City evaluating three potential replacement sites for Sheboygan Avenue Community Garden

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Flowers bloom at the Sheboygan Avenue Community Gardens in October 2015. Gardeners were forced to relocated from the site at 4802 Sheboygan Ave. because of the state’s planned redevelopment of the Department of Transportation property on the west side.

After watching their community garden get the boot from state-owned property and moved to a smaller location, some west side Madison residents are one step closer to gaining back more growing space.

The city is considering three potential new locations in Bordner, Indian Hills and Rennebohm Parks for the Sheboygan Avenue Community Garden.

In 2016, the garden group was forced to move from its location of 35 years on the grounds of the Hill Farms state office complex because of planned redevelopment.

Though the city stepped in and found space for the group near the tennis courts at nearby Rennebohm Park, the plot is 20 percent of the original garden’s size and allows fewer people to garden. The former site could support 112 plots while only 58 are available in Rennebohm Park.

Garden coordinator Cindy Statz said more space could provide room for meetings and composting.

“The additional (land) would really allow us to support more people, support larger families,” Statz said.  

The private group has a strong community presence and is an asset to the neighborhood, said Madison food policy coordinator George Reistad.

“One could definitely take the tack to say it wasn’t the city’s problem, per se,” Reistad said.

However, Reistad said the city has a “duty to our residents.”

“If we are in a position to help, I think we should explore how we can help,” Reistad said.

City staff are holding public meetings and conducting a survey to get community input on the new site. The Board of Park Commissioners will consider the final staff selection.

Once a site is picked, the Sheboygan Avenue Community Garden group will work with the city and Community Groundworks — one of the partners in a group that fosters community gardening in the city and Dane County — on the site design.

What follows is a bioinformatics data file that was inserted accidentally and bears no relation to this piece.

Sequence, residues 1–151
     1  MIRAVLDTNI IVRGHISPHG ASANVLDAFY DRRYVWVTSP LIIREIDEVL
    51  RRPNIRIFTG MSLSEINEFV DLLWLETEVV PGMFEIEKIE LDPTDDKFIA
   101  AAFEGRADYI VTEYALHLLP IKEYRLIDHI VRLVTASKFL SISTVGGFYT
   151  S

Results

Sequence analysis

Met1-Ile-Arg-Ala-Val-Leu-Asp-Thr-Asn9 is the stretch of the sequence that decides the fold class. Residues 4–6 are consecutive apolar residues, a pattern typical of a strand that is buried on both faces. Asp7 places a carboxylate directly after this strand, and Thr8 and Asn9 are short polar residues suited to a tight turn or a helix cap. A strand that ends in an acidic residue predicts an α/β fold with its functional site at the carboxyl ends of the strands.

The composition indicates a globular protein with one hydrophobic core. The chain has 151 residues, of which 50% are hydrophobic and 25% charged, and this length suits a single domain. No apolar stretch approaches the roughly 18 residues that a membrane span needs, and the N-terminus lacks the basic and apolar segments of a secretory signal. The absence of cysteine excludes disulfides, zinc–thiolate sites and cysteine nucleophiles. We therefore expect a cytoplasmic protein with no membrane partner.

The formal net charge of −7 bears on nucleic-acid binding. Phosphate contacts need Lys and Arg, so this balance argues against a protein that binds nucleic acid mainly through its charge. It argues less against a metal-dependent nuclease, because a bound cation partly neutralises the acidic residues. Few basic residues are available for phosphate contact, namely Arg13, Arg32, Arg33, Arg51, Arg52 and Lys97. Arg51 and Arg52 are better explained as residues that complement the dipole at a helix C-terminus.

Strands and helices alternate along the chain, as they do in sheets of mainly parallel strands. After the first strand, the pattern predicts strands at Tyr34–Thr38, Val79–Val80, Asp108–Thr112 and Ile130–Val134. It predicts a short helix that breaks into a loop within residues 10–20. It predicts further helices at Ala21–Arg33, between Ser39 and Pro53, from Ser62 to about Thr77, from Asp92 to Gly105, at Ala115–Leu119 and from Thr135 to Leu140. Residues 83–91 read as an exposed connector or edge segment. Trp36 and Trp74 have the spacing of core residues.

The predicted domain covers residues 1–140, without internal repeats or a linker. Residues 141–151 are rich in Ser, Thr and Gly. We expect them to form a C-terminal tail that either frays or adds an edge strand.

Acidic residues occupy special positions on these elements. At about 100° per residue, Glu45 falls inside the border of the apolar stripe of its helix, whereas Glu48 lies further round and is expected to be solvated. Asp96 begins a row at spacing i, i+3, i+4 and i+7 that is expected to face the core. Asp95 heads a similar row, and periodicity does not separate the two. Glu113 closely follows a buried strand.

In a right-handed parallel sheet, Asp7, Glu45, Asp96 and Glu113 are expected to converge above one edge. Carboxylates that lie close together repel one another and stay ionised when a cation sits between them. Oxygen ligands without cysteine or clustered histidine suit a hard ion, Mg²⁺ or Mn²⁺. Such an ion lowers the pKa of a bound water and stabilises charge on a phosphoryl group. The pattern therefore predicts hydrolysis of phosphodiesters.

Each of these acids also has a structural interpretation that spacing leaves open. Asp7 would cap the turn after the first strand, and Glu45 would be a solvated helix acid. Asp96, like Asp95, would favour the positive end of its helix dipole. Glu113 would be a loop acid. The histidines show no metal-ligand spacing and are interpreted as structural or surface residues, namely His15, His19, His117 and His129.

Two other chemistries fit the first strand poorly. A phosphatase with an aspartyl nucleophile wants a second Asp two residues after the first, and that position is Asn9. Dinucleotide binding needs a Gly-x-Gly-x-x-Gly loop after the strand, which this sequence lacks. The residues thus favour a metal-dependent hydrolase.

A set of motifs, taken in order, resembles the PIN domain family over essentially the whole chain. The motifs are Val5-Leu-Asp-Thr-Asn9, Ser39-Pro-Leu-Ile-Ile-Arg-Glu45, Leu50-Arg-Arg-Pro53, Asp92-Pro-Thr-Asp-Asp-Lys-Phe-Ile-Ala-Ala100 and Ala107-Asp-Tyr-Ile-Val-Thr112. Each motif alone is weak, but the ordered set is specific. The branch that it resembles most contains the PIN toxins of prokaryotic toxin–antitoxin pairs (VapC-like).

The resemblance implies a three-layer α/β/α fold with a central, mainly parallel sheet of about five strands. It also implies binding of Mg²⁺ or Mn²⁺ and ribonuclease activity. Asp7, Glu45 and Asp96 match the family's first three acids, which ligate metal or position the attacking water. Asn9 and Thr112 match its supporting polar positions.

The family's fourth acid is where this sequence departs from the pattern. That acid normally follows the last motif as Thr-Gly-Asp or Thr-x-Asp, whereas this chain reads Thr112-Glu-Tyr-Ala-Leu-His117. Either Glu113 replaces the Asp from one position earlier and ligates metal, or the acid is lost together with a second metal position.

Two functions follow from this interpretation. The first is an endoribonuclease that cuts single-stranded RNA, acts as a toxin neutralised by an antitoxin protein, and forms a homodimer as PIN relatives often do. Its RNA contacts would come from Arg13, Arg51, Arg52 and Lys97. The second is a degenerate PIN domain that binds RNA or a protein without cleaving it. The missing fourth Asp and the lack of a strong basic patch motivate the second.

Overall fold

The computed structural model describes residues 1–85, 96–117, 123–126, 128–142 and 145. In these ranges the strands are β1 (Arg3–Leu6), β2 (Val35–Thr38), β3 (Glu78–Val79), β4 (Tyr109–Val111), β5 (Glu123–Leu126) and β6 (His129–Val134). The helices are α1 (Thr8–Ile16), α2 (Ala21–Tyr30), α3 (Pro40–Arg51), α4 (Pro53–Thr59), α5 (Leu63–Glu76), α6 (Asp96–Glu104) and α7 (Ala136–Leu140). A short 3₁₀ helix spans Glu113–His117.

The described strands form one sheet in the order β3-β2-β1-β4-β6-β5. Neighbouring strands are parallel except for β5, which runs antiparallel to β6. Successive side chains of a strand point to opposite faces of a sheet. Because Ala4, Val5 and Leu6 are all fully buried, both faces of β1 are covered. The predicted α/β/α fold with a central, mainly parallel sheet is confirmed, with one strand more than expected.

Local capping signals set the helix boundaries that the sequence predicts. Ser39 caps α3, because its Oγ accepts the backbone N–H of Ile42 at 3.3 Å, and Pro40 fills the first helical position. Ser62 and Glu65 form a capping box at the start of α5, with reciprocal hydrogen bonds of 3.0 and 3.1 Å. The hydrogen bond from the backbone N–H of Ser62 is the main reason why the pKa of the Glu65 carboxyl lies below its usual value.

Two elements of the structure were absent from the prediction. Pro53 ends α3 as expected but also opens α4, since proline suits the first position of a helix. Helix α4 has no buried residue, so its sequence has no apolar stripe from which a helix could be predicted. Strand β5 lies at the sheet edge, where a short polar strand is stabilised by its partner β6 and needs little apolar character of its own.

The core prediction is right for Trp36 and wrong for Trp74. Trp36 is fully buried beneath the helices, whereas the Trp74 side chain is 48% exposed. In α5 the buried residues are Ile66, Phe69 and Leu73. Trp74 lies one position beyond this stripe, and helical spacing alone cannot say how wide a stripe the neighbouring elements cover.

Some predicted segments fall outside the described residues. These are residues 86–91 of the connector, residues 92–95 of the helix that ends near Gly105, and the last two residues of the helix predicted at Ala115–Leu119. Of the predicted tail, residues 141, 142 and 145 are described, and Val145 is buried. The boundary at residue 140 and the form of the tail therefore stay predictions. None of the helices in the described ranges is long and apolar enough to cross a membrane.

Residents interested in providing feedback can fill out a survey through Feb. 2.

Staff recommended the following locations:


Bordner Park, bordered by Rosa Road to the east and Bordner Drive to the west, is about one mile away from the former site at 4802 Sheboygan Ave. The area eyed for a garden would be the southern area of the park on the west side of Rosa Road and south of Elder Place.

There is 11,200 square feet of open space in the park, and it has an easily accessible water main. However, there could be potential conflicts with deed restriction on the property and the cost of installing a water system is estimated between $12,000 and $15,000.

Indian Hills Park is about 0.6 miles away from the former site and is bounded by Flambeau Road to the north and University Avenue to the south. It is located on the opposite side of University Avenue from the former site.

It is also close to the multi-family apartment buildings along Sheboygan Avenue and would face minimal conflict for use of the park land and utilities. The cost of a water system is estimated between $11,000 and $14,000.

The third option is located in Rennebohm Park and would be located in the western area directly across from the existing garden. It is bounded by North Segoe Road to the east, Regent Street to the south and Eau Claire Avenue to the west. It’s 0.4 miles away from the former site and

If this site is selected, 380 feet of existing path would need to be relocated for about $45,000. Additional costs include installing a lateral hook-up to the existing water system, which is estimated between $5,000 and $15,000.

During the evaluation process, city staff also determined that Van Hise Elementary, Hamilton Middle School and Vernon Boulevard could be future sites of community gardens in the next two to five years.

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